Moore v. Russell et al

Filing 4

MEMORANDUM AND ORDER IT IS HEREBY ORDERED that plaintiffs motion to proceed in forma pauperis [ECF No. 2] is GRANTED. IT IS FURTHER ORDERED that the plaintiff must pay an initial filing fee of $2.00 within fourteen (14) days of the date of this Order. Plaintiff is instructed to make his remittancepayable to Clerk, United States District Court, and to include upon it: (1) his name; (2) his prison registration number; (3) the case number; and (4) that the remittance is for an original proceeding. IT IS FURTHER ORDERED that this action is DISMISSED with prejudice. An Order of Dismissal will be filed separately. 3 Signed by District Judge Jean C. Hamilton on 8/5/16. (CLA)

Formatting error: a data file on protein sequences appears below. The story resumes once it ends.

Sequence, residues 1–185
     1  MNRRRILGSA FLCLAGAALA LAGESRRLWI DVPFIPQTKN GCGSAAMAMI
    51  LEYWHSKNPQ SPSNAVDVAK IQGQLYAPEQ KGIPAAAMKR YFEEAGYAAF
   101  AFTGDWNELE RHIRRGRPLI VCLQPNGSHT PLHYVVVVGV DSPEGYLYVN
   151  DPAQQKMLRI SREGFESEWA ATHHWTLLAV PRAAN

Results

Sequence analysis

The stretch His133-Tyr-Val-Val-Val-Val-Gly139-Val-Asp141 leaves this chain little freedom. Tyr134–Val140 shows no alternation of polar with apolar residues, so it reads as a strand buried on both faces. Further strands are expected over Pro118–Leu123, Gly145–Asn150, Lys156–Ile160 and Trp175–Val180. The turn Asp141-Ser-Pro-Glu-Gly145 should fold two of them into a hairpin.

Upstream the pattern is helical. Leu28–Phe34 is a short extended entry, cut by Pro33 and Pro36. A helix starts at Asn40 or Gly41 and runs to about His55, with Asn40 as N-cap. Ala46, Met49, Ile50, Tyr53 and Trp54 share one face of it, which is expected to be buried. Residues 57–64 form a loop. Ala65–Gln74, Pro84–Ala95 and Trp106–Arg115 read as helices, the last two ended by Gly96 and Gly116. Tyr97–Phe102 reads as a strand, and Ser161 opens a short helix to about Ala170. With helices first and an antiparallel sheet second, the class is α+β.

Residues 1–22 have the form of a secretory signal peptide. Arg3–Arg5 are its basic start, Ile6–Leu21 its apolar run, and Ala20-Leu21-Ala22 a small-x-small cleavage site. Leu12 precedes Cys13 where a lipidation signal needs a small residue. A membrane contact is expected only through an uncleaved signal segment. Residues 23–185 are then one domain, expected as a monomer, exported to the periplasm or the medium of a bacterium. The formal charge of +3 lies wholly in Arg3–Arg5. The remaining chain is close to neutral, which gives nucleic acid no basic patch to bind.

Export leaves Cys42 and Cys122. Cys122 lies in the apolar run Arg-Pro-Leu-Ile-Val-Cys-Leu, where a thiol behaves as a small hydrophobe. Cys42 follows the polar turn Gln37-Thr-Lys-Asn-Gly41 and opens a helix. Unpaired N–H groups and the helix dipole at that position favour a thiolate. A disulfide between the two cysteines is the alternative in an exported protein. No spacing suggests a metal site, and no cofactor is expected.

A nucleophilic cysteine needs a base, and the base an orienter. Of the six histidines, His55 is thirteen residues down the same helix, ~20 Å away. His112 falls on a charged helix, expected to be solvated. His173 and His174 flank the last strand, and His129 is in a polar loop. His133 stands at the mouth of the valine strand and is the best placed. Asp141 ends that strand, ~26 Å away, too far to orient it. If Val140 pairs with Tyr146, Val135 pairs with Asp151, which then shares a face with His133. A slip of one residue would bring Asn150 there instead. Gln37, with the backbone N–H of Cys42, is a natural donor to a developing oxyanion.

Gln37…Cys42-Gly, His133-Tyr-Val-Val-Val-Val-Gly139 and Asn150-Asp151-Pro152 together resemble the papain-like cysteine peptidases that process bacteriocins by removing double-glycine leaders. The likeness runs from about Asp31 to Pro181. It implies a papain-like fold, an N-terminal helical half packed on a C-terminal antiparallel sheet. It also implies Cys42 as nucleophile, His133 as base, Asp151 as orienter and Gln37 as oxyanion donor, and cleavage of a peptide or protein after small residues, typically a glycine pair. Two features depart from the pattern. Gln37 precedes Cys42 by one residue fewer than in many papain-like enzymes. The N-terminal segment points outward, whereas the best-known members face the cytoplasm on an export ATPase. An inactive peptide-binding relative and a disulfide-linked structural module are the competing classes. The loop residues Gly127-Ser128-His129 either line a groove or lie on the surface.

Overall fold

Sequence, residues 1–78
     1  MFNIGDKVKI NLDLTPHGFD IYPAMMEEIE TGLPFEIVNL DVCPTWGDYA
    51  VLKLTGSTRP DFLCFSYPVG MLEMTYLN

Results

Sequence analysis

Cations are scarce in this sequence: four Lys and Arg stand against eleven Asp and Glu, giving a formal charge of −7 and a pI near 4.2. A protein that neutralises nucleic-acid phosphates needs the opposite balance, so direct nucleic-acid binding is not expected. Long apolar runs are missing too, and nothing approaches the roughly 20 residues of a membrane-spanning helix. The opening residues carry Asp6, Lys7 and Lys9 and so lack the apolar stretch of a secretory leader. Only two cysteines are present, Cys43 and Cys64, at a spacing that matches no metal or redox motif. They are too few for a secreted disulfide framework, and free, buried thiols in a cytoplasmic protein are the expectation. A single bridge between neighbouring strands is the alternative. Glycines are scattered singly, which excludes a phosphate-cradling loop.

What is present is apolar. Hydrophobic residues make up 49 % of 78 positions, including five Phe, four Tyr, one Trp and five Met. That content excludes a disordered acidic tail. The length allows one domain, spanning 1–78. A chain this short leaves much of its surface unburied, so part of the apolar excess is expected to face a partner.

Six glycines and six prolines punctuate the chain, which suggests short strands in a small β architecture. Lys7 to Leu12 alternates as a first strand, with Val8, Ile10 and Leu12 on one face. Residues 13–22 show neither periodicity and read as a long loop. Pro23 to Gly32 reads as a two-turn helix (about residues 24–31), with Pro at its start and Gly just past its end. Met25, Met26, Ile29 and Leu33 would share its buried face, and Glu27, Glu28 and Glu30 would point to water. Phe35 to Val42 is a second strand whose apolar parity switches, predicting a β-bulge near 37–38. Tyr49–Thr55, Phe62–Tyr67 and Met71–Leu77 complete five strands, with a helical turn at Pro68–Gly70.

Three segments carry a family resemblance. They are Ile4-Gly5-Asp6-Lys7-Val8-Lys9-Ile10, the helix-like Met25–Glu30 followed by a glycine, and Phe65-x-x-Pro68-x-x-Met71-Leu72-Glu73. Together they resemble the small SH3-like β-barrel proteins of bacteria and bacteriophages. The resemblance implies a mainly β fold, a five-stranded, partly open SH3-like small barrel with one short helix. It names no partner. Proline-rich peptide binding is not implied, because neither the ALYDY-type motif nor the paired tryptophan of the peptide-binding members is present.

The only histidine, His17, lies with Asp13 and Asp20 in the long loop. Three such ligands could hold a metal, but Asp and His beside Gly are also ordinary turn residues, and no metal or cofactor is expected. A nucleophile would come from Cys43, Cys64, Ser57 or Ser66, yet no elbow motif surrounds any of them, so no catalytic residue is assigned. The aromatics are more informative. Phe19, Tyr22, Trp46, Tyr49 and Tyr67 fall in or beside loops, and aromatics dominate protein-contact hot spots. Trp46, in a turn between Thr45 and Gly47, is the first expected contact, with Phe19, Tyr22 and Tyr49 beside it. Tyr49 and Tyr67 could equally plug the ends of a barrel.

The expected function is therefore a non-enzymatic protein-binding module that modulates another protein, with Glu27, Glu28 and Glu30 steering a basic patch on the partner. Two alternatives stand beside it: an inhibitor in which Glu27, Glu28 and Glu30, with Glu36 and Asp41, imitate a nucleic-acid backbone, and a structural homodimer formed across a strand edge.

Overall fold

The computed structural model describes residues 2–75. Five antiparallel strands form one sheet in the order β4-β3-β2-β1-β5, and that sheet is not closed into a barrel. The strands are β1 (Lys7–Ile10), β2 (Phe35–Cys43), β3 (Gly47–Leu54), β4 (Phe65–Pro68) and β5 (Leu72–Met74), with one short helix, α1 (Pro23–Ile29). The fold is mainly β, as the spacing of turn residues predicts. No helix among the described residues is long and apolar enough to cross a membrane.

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UNITED STATES DISTRICT COURT EASTERN DISTRICT OF MISSOURI EASTERN DIVISION ANTON MOORE, Plaintiff, v. TERRY RUSSELL, et al., Defendants. ) ) ) ) ) ) ) ) ) No. 4:16-CV-1148 JCH MEMORANDUM AND ORDER Plaintiff, a prisoner, seeks leave to proceed in forma pauperis in this civil action under 42 U.S.C. § 1983. Having reviewed plaintiff’s financial information, the Court assesses a partial initial filing fee of $2.00, which is twenty percent of his average monthly balance. See 28 U.S.C. § 1915(b). Additionally, this action is dismissed. Standard of Review Under 28 U.S.C. § 1915(e), the Court is required to dismiss a complaint filed in forma pauperis if it is frivolous, malicious, or fails to state a claim upon which relief can be granted. To state a claim for relief under § 1983, a complaint must plead more than “legal conclusions” and “[t]hreadbare recitals of the elements of a cause of action [that are] supported by mere conclusory statements.” Ashcroft v. Iqbal, 556 U.S. 662, 678 (2009). A plaintiff must demonstrate a plausible claim for relief, which is more than a “mere possibility of misconduct.” Id. at 679. “A claim has facial plausibility when the plaintiff pleads factual content that allows the court to draw the reasonable inference that the defendant is liable for the misconduct alleged.” Id. at 678. Determining whether a complaint states a plausible claim for relief [is] a context-specific task that requires the reviewing court to draw on its judicial experience and common sense. Id. at 679. A complaint may be dismissed as malicious where it “was not [meant] to rectify any cognizable harm, but only to harass and disparage” the defendants. Tapia-Ortiz v. Winter, 185 F.3d 8, 11 (2d Cir.1999) (dismissing complaint against judges and federal prosecutor who obtained conviction against the plaintiff as frivolous and malicious). When determining that an action or allegation is malicious, the Court refers to objective factors such as the circumstances and history surrounding the filing, the tone of the allegations, and whether probative facts vital to the life of the lawsuit have been alleged. The Complaint Plaintiff was incarcerated at the Eastern Reception Diagnostic and Correctional Center in July 2014. Defendants are officials there. For the purposes of this Order, the Court accepts the factual allegations as true. On July 7, 2014, plaintiff was housed in administrative segregation. Defendant Jarrett Davis served the inmates in administrative segregation their evening meal. Normally, the inmates are allowed fifteen minutes to eat their meals, but on that night, Davis began to collect the meals shortly after serving them. Plaintiff complained to Davis, and Davis threatened to place him on an alternative meal, which is meal loaf. Plaintiff loudly demanded to see a supervisor. When Davis did not respond, plaintiff pressed his emergency call button several times. Shortly thereafter, plaintiff covered the window of his cell and again demanded to see a supervisor. Davis replied, “Don’t hold your breath.” Plaintiff told Davis, “I’m taking my cellie hostage, now go get a [supervisor]!” Davis called defendant Michael Hubbart, who was another correctional officer, over to plaintiff’s cell. 2 Upon hearing that, plaintiff placed his mattress in front of the food port. Davis and Hubbart then began spraying pepper spray into the cell. After being sprayed, plaintiff then physically struggled with defendants, rather than complying with their orders. Defendant Carrie Sederstrom, a sergeant, arrived. Plaintiff was handcuffed, and his cellmate was removed from the cell. Soon afterwards, defendant Victoria Dill, a nurse, arrived and assessed plaintiff’s injuries. Plaintiff was returned to his cell, where he rinsed some of the pepper spray off in the sink. A few minutes later, defendant Timothy Pickett, a lieutenant, told plaintiff that a nurse would be coming by to draw plaintiff’s blood. Plaintiff complained and demanded to see the Warden. Plaintiff then barricaded himself in his cell. He says a “standoff” then ensued for “several hours.” When plaintiff attempted to see what was happening outside of his cell, a team of correctional officers in riot gear breached the cell door. He says an unidentified officer took “cheap shots” at him and that another unidentified officer slammed his ankle on the floor several times. When his arms and legs were secured, a nurse drew his blood. The officers then removed the restraints and left the cell. Another nurse examined plaintiff after the confrontation. At approximately midnight, Davis gave plaintiff a conduct violation for causing serious injury to another. Davis said that plaintiff bit him on his thumb during the confrontation. On July 18, 2014, defendant Joanna Grubbs held a disciplinary hearing and found plaintiff guilty of the violation. Plaintiff says the investigation was incomplete and that the charge was false. Plaintiff filed a grievance stating that Davis was “harassing” him. The response to the grievance stated that he would be transferred to the Southeast Correctional Center (SECC). 3 Plaintiff believes that the transfer was retaliatory, but he does not state who was responsible for it. Plaintiff was placed in administrative segregation from July 10, 2014, until he was transferred to SECC on March 24, 2015. Defendant Joey Runyon interviewed Davis and reviewed the photographs of his injuries. Plaintiff believes that Davis made inconsistent statements during the interview. Runyon later filed a probable cause statement in the Circuit Court for St. Francois County. A jury trial was held, and plaintiff was found not guilty by a jury. Discussion The alleged facts and the tone of the allegations demonstrate that this action is meant to harass those correctional officers plaintiff forced into a violent situation, as well as several officials who had nothing to do with the altercation. Plaintiff took his cell mate hostage and barricaded his cell against Davis and Hubbart. When they entered his cell he became physically violent with them, injuring Davis. When defendants told him his blood needed to be drawn, he barricaded his cell for several hours until a response team could breach the door. The other seventeen named defendants were only involved in the grievance process and did not contribute to plaintiff’s injuries. See Ashcroft v. Iqbal, 556 U.S. 662, 676 (2009) (“Because vicarious liability is inapplicable to Bivens and § 1983 suits, a plaintiff must plead that each Government-official defendant, through the official’s own individual actions, has violated the Constitution.”). For these reasons, the Court finds that this action is both frivolous and malicious, and it must be dismissed under 28 U.S.C. § 1915(e). Additionally, defendants are entitled to qualified immunity. “Qualified immunity may protect government officials from liability under 42 U.S.C. § 1983, but not if their conduct 4 violated clearly established statutory or constitutional rights of which a reasonable person would have known.” Nelson v. Corr. Med. Servs., 583 F.3d 522, 527 (8th Cir. 2009) (en banc) (quotation omitted); see Maness v. Dist. Court, 495 F.3d 943, 944 (8th Cir. 2007) (analyzing qualified immunity on 28 U.S.C. § 1915(e)(2)(B) review). The tests for whether an officer is entitled to qualified immunity are: (1) whether the facts alleged, taken in the light most favorable to the injured party, show that the officer’s conduct violated a constitutional right; and (2) whether the constitutional right was clearly established at the time of the deprivation so that a reasonable officer would understand his conduct was unlawful. Pearson v. Callahan, 555 U.S. 223, 231 (2009). This Court may consider these in either order. Williams v. Jackson, 600 F.3d 1007, 1012 (8th Cir. 2010). It is “well established that a malicious and sadistic use of force by a prison official against a prisoner, done with the intent to injure and causing actual injury, is enough to establish a violation of the Eighth Amendment’s cruel and unusual punishment clause.” Foulk v. Charrier, 262 F.3d 687, 702 (8th Cir.2001). “The ‘core judicial inquiry, [is] not whether a certain quantum of injury was sustained, but rather ‘whether force was applied in a good-faith effort to maintain or restore discipline, or maliciously and sadistically to cause harm.’” Wilkins v. Gaddy, 559 U.S. 34, 37 (2010) (quoting Hudson v. McMillian, 503 U.S. 1, 7 (1992). Defendants Davis and Hubbart did not violate a clearly established federal right. Prisoners do not have a right to be free from the use of pepper spray or physical force after they have taken their cell mate hostage and instigated physical violence against the correctional officers. Moreover, plaintiff’s allegations do not show that Davis or Hubbard’s use of force was more than “good-faith effort to maintain or restore discipline, or maliciously and sadistically to cause harm.” As a result, defendants are shielded by qualified immunity. 5 Because this case is malicious and defendants are entitled to qualified immunity, the Court dismisses this action with prejudice. Moreover, an appeal from this action would not be taken in good faith. Accordingly, IT IS HEREBY ORDERED that plaintiff’s motion to proceed in forma pauperis [ECF No. 2] is GRANTED. IT IS FURTHER ORDERED that the plaintiff must pay an initial filing fee of $2.00 within fourteen (14) days of the date of this Order. Plaintiff is instructed to make his remittance payable to “Clerk, United States District Court,” and to include upon it: (1) his name; (2) his prison registration number; (3) the case number; and (4) that the remittance is for an original proceeding.1 IT IS FURTHER ORDERED that this action is DISMISSED with prejudice. An Order of Dismissal will be filed separately. Dated this 5th day of August, 2016. \s\ Jean C. Hamilton UNITED STATES DISTRICT JUDGE 1 Prisoners must pay the full amount of the $350 filing fee. After payment of the initial partial filing fee, the prisoner is required to make monthly payments of 20 percent of the preceding month’s income credited to the prisoner’s account. The agency having custody of the prisoner will deduct the payments and forward them to the Court each time the amount in the account exceeds $10. 28 U.S.C. § 1915(b)(2). 6